Sunday, April 22, 2012

God knows heart surgery

I enjoyed the stories that Elder Ellis shared with us this weekend. This first one was told by Elder Russell M. Nelson during the April 2003 General Conference...

"Many of us have had experiences with the sweet power of prayer. One of mine was shared with a stake patriarch from southern Utah. I first met him in my medical office more than 40 years ago, during the early pioneering days of surgery of the heart. This saintly soul suffered much because of a failing heart. He pleaded for help, thinking that his condition resulted from a damaged but repairable valve in his heart. Extensive evaluation revealed that he had two faulty valves. While one could be helped surgically, the other could not. Thus, an operation was not advised. He received this news with deep disappointment. Subsequent visits ended with the same advice. Finally, in desperation, he spoke to me with considerable emotion: “Dr. Nelson, I have prayed for help and have been directed to you. The Lord will not reveal to me how to repair that second valve, but He can reveal it to you. Your mind is so prepared. If you will operate upon me, the Lord will make it known to you what to do. Please perform the operation that I need, and pray for the help that you need.” 21 His great faith had a profound effect upon me. How could I turn him away again? Following a fervent prayer together, I agreed to try. In preparing for that fateful day, I prayed over and over again, but still did not know what to do for his leaking tricuspid valve. Even as the operation commenced, 22 my assistant asked, “What are you going to do for that?” I said, “I do not know.” We began the operation. After relieving the obstruction of the first valve, 23 we exposed the second valve. We found it to be intact but so badly dilated that it could no longer function as it should. While examining this valve, a message was distinctly impressed upon my mind: Reduce the circumference of the ring. I announced that message to my assistant. “The valve tissue will be sufficient if we can effectively reduce the ring toward its normal size.” But how? We could not apply a belt as one would use to tighten the waist of oversized trousers. We could not squeeze with a strap as one would cinch a saddle on a horse. Then a picture came vividly to my mind, showing how stitches could be placed—to make a pleat here and a tuck there—to accomplish the desired objective. I still remember that mental image—complete with dotted lines where sutures should be placed. The repair was completed as diagrammed in my mind. We tested the valve and found the leak to be reduced remarkably. My assistant said, “It’s a miracle.” I responded, “It’s an answer to prayer.” The patient’s recovery was rapid and his relief gratifying. Not only was he helped in a marvelous way, but surgical help for other people with similar problems had become a possibility. I take no credit. Praise goes to this faithful patriarch and to God, who answered our prayers. This faithful man lived for many more years and has since gone to his eternal glory."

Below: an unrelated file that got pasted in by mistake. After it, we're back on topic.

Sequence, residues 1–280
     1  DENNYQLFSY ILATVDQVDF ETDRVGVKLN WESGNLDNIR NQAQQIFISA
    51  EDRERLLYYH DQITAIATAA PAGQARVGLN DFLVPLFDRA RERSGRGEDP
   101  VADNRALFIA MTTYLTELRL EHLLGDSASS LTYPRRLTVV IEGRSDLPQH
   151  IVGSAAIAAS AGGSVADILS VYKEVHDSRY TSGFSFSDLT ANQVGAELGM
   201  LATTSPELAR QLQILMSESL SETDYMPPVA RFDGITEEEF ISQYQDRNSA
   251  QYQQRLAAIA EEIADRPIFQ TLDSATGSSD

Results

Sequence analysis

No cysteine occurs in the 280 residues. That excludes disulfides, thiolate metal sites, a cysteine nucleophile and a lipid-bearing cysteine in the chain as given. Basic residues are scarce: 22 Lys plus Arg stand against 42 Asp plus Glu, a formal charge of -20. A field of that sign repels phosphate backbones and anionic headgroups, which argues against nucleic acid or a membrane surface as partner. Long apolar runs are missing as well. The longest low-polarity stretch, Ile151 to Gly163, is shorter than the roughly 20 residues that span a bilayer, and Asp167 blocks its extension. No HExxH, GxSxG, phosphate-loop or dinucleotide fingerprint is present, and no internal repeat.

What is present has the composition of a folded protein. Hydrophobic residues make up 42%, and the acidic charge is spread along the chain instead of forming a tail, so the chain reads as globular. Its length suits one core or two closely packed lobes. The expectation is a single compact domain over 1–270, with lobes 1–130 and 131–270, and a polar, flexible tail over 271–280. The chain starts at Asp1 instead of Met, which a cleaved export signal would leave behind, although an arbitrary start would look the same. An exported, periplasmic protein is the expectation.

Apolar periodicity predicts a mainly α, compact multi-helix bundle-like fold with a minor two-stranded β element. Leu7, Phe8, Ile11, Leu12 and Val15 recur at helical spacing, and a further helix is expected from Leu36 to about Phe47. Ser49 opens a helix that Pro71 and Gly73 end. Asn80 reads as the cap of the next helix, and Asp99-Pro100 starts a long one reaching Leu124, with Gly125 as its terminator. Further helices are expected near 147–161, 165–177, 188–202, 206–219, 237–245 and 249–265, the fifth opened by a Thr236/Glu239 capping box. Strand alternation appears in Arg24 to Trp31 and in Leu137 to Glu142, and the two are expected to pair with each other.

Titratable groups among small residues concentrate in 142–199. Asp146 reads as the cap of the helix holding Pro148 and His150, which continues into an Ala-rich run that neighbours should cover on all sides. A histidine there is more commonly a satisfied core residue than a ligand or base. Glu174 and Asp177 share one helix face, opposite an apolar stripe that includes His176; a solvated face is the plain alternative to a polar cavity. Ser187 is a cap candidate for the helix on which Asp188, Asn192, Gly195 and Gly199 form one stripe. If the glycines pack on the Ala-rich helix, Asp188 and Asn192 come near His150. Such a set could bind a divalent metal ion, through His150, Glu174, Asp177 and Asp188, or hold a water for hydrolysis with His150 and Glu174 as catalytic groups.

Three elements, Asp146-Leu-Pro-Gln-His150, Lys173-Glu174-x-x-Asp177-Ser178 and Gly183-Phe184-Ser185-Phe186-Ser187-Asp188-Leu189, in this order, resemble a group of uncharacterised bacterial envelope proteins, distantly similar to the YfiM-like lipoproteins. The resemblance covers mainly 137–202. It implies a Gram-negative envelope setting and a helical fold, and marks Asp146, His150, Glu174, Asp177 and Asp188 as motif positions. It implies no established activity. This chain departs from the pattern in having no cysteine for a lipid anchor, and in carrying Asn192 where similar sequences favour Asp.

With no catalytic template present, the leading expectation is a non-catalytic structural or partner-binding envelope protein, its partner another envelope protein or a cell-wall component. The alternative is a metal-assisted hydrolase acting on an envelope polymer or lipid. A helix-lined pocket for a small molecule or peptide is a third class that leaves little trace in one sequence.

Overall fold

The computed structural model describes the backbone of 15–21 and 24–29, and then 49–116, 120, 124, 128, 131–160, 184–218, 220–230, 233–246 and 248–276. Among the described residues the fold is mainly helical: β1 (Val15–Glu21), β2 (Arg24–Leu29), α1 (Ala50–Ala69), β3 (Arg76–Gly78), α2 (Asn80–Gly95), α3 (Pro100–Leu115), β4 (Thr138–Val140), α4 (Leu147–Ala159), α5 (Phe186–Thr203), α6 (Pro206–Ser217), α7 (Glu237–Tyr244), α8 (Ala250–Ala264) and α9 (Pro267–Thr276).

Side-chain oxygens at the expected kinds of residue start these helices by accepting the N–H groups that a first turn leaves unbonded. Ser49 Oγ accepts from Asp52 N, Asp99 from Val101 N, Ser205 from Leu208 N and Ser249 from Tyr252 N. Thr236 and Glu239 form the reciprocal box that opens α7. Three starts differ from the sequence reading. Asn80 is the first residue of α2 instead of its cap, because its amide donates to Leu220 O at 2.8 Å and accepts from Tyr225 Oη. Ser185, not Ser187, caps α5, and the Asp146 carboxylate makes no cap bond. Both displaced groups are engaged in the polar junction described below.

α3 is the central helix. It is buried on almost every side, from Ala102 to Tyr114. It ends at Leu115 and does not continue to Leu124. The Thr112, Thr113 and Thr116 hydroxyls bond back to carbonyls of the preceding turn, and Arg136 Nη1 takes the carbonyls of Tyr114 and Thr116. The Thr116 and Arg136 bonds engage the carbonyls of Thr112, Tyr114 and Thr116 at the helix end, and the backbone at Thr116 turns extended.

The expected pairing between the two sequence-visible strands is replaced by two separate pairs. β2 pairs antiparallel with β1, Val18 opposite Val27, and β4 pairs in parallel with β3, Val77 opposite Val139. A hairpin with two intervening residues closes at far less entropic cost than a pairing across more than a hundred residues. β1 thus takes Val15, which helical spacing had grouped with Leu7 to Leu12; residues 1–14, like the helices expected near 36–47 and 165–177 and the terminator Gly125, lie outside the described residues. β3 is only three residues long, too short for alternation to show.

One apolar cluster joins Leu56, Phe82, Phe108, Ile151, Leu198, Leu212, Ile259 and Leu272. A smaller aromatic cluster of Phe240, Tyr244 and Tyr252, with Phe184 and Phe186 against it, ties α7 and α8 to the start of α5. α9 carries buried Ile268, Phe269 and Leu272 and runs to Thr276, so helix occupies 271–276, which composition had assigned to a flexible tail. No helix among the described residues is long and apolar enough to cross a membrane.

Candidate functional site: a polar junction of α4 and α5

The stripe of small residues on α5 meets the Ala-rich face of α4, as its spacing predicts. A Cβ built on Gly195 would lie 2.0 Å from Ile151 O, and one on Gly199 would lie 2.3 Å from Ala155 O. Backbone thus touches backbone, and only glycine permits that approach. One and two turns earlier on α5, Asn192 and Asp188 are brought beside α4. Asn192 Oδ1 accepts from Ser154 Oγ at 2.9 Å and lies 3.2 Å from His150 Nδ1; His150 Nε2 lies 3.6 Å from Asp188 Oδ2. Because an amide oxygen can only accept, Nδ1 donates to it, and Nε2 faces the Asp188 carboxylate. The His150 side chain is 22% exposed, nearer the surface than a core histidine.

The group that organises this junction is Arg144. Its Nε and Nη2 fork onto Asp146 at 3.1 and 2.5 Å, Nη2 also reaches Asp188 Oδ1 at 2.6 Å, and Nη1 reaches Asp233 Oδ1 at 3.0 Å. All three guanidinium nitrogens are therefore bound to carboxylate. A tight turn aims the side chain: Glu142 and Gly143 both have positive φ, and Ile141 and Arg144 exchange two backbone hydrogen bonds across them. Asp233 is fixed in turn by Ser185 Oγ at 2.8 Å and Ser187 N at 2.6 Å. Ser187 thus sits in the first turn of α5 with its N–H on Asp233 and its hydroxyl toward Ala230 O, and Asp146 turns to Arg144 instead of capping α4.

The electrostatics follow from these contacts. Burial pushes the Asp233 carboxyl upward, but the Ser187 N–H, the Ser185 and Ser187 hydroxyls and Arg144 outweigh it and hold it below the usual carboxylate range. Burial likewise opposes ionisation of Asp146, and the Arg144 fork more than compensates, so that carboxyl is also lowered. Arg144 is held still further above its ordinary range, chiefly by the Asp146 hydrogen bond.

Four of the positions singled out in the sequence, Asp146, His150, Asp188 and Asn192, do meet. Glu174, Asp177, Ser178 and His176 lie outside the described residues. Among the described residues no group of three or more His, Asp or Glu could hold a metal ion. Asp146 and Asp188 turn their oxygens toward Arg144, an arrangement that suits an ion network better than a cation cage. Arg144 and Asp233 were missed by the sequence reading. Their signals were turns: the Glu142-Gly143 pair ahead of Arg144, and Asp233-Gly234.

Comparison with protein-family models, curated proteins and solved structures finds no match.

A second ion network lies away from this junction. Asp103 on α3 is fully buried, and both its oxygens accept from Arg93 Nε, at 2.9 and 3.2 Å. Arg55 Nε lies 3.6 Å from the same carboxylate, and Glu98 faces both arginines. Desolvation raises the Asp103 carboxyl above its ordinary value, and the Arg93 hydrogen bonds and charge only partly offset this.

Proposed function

Elder Ellis shared this story with us today...  

Samaritan with a Screwdriver By Heidi Bartle 

I was busy gathering my things after teaching a Mia Maid lesson, and my husband, Garry, stood in the back of the room holding our one-year-old boy. Our three-year-old son, Zach, slipped past us into the crowded hall and followed someone toward the meetinghouse doors. Because my husband and I each thought the other had Zach, it took us a few minutes to realize he was missing. Just as we realized he was gone, Zach appeared at the end of the hall. But something was wrong. His cheeks were red, he had tears streaming down his face, and he was clutching his right hand. Our bishop, who was ushering him toward us, looked concerned. A pit of guilt settled in my stomach. My son had gotten hurt, and I hadn’t been there to help him. The bishop had heard Zach’s urgent cries and had hurried to his aid. Zach’s predicament was immediately clear, but the solution was not. His fingers had become wedged between the heavy outer door and its frame. Opening or closing the door only exacerbated the injury; the swing of the door further pinched his fingers and pulled his hand, causing significant pain. As the bishop and a couple in the ward frantically tried to figure out how they could release Zach’s fingers, a brother from another ward that met in our building saw what was happening. He took a screwdriver from his pocket and inserted it into the space between the door and its frame. Then, using the screwdriver as a lever, he widened the gap enough to release Zach. Amid sighs of relief, the brother explained that as he prepared for Sunday services that morning, he experienced what seemed like an odd prompting to bring a screwdriver to church. The impression was so strong and clear that he slipped the tool into the pocket of his dress pants. This kind act of service resulting from heavenly inspiration touched me deeply and filled my heart with gratitude. Heavenly Father was watching over my three-year-old boy and prompted a good brother to respond.

God knows us and He loves us.  He knows the answers to our problems and He can lead us through our trials.  We need to ask Him for help.  He is waiting for us to ask.


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